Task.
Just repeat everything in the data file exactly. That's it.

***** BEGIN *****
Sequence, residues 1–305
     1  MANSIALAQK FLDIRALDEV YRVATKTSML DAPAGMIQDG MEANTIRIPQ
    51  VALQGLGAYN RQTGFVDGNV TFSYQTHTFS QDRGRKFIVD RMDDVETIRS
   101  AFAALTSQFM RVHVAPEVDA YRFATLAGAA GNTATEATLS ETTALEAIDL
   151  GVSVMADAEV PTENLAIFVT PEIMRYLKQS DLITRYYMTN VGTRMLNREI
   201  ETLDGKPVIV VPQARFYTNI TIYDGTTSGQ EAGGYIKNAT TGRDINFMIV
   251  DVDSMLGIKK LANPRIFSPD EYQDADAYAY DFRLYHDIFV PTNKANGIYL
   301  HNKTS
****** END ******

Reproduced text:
Sequence, residues 1–305
     1  MANSIALAQK FLDIRALDEV YRVATKTSML DAPAGMIQDG MEANTIRIPQ
    51  VALQGLGAYN RQTGFVDGNV TFSYQTHTFS QDRGRKFIVD RMDDVETIRS
   101  AFAALTSQFM RVHVAPEVDA YRFATLAGAA GNTATEATLS ETTALEAIDL
   151  GVSVMADAEV PTENLAIFVT PEIMRYLKQS DLITRYYMTN VGTRMLNREI
   201  ETLDGKPVIV VPQARFYTNI TIYDGTTSGQ EAGGYIKNAT TGRDINFMIV
   251  DVDSMLGIKK LANPRIFSPD EYQDADAYAY DFRLYHDIFV PTNKANGIYL
   301  HNKTS